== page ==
There was a message on his twitter account from December 13, 2012, that read “learned to play all of Franz Ferdinand’s ‘Walk Away’ on baby Ava’s guitar this morning. lol couldn’t sleep.”

Thank you, Kyle, for loving my daughter, writing a poem for her we consider sacred. I should have Ossuary out, as promised, by your birthday.

Saturday, August 10, 2013

On Thunder Road with Bleeding Wrists

This past March we were in Freeville, along Fall Creek, to visit one of the last of the hipsters (more on this in a later post) who was talking to me about dreams and what we can learn from them, like reaching the great beyond, etc. I had my doubts. Still do. (Damn, he mentioned a book I can't remember at the moment). Nevertheless, I told him that I used to record my dreams as a twenty-something. Well, a few weeks ago, after recalling our conversation, I started again. My friend Charles in Louisiana has devoted blog posts on his midnight exploits which I always find fascinating. So I've decided to post some of mine here from time to time. An example of my journey into dreamtime from 7/31/13 in North Charleston, South Carolina, around 3:45 am:

I am sitting in a parked Honda Civic on a dirt road that heads up a hill on the George Junior Republic property in Dryden, NY. A group of  juveniles pull up behind me, making me nervous. The car won't start, but after a few tries, I manage to get it going and race away with the kids staying tight to my bumper. The cheap Hollywood scenery is sliding past like I'm Lucas Doolin roaring away on Thunder Road. At the hilltop, I make a fast right off the road to lose them ... Fades to: I pull into a reality show contest where I am told by the amiable television host that I can win twenty bottles of the finest wine! But for my part of the contest (though there are no other contestants) both my wrists are slashed, and, if I remain standing for a length of time, I will win the wine. After bleeding buckets and buckets of red, I'm told to "place my wrists perpendicular" to stop the bleeding ... I wake up before I get the prize!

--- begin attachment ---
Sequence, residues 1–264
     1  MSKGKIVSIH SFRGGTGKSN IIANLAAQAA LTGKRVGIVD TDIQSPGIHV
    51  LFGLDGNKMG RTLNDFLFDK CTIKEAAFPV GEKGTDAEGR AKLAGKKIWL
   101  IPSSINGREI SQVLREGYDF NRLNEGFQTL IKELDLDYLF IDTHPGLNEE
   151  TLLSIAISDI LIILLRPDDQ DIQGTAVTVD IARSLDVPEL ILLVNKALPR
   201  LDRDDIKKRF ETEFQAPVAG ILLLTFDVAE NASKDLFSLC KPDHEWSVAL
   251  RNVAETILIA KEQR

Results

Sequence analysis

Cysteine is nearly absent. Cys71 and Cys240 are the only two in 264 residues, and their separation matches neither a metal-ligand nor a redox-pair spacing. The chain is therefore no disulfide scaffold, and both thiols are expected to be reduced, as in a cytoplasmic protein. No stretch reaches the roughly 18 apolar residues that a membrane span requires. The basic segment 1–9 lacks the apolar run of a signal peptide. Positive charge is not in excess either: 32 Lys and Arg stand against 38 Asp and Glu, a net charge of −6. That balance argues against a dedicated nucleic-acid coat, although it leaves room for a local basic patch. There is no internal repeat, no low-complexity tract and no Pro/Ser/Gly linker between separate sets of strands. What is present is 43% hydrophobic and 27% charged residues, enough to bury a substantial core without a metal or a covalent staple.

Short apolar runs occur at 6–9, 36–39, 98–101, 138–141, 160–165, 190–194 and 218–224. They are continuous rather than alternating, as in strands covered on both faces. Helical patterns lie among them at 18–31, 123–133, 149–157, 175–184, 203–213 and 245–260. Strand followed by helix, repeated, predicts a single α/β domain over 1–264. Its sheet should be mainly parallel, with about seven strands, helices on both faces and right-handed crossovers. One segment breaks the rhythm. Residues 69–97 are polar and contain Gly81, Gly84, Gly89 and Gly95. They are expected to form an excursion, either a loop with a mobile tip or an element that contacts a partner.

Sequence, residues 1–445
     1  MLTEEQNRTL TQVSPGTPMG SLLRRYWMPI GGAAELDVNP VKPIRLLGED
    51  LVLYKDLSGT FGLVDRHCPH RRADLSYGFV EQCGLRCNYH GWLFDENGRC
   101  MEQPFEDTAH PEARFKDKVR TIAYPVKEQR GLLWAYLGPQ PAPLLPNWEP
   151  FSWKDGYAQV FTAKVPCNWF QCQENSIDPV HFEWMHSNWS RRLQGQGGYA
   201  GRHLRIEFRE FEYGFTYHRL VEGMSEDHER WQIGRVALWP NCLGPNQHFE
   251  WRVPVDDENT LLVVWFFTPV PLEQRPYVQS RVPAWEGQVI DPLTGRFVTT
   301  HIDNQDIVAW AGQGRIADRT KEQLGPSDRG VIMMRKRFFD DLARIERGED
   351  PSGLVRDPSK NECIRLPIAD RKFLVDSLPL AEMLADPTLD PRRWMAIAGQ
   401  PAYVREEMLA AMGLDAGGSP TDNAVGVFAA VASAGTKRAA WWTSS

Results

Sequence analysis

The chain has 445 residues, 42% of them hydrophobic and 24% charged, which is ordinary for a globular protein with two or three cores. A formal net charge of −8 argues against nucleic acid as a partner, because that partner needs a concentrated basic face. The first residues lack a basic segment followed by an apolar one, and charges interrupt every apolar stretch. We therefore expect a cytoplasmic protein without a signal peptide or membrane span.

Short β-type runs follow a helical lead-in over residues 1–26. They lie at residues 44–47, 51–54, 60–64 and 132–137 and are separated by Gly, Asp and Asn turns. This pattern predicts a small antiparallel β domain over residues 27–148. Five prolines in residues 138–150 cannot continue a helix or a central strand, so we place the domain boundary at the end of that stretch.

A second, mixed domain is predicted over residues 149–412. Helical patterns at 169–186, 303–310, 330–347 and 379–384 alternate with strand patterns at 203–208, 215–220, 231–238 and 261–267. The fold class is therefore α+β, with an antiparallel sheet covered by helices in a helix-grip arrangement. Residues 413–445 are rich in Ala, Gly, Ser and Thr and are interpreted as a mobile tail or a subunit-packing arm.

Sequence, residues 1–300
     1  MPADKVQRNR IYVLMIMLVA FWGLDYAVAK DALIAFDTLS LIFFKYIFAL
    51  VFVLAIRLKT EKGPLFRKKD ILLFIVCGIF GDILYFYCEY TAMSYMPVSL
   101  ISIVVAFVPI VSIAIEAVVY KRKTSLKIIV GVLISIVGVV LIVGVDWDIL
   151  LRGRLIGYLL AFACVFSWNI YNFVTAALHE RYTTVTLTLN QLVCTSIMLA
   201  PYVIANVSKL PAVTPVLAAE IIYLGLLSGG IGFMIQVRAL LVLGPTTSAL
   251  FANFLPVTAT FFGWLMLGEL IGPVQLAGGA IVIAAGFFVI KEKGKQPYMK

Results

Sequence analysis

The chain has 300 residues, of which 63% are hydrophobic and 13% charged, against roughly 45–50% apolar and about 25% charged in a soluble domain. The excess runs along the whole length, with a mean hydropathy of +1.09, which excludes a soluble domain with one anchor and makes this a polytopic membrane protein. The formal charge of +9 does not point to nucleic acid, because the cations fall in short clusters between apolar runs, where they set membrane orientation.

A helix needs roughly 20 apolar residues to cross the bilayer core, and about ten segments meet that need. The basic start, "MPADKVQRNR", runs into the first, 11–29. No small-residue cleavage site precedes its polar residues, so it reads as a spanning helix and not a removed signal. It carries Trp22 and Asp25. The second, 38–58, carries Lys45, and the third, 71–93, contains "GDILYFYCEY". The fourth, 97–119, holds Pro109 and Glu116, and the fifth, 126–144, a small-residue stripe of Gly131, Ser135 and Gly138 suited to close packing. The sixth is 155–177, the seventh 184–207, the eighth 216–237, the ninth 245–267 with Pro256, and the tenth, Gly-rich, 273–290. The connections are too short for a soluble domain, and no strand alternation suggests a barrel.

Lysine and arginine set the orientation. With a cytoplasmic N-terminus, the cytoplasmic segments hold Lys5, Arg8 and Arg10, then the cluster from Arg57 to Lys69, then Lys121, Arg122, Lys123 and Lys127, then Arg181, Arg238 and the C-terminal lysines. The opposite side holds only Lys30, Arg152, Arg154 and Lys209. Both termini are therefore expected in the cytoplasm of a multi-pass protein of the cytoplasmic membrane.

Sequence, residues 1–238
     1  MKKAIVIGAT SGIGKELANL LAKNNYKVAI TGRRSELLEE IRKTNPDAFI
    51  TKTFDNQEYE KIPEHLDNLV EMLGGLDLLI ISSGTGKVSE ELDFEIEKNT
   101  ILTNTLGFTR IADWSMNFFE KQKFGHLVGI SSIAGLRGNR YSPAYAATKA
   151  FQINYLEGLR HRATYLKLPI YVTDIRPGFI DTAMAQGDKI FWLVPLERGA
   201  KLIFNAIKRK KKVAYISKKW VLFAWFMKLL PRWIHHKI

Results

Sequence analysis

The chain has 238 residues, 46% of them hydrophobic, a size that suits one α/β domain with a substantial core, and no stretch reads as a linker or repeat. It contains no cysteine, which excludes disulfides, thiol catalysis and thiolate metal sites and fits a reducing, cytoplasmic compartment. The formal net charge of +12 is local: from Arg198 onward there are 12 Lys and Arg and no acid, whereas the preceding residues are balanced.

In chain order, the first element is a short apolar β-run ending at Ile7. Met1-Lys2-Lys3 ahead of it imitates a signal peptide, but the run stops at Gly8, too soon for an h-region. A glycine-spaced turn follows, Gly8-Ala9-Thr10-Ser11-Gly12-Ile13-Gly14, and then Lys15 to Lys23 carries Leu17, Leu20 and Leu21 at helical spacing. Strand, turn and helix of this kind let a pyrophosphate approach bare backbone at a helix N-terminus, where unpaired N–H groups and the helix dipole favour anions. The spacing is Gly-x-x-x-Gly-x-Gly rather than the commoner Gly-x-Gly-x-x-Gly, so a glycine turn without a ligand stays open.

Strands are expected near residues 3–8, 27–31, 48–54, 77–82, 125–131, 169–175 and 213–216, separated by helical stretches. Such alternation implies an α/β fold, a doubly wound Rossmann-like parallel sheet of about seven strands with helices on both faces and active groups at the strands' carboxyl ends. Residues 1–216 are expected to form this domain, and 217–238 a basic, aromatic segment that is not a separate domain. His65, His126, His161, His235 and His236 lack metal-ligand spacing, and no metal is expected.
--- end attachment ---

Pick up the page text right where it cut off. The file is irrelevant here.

Usually, I can point to events, conversations, news articles or the like from the days beforehand to explain away certain aspects, but that takes the magic/mystique/crazy out of it, right? So I'll just post the cinema verites as they arrive.

Saturday, August 3, 2013

The Mysterious, Ruby-Encrusted Bracelet and Garnet Elliott's Whereabouts

The middle-aged, ruggedly handsome editor over at BEAT to a PULP is offering up "Vin of Venus" as a free download for several days. Bydgoszcz's renowned Paul Brazill and I worked on the first "LoVINg the Alien" installment and then Mr. Garnett Elliott catapulted the proceedings into the pulp spheres with his continuing storyline. A strange but goody mixture of crime/noir and sword and planet that's best described like this:

Vin, bereft of half his limbs and his memory, struggles between two worlds--the mist-shrouded, verdant hell of ancient Venus and the mean streets of modern Europe--battling both alien monstrosities and underworld villains on his quest to recover his identity. Along the way he is aided by an unlikely cast of allies, as well as the mysterious, ruby-encrusted bracelet that serves as the only link between his heroic past and grim present.
The novella ends on a cliffhanger, but I feel it's a very satisfying breaking point while we all wait for Garn to return from the Kingdom of Bhutan, where I have it under the strictest confidence that Henri Ducard himself is training GE in the arts of stealth and fear as a candidate into the shrouded League of Shadows.

Until then, readers and scribes of all ages, enjoy "Vin of Venus" and have a stellar weekend.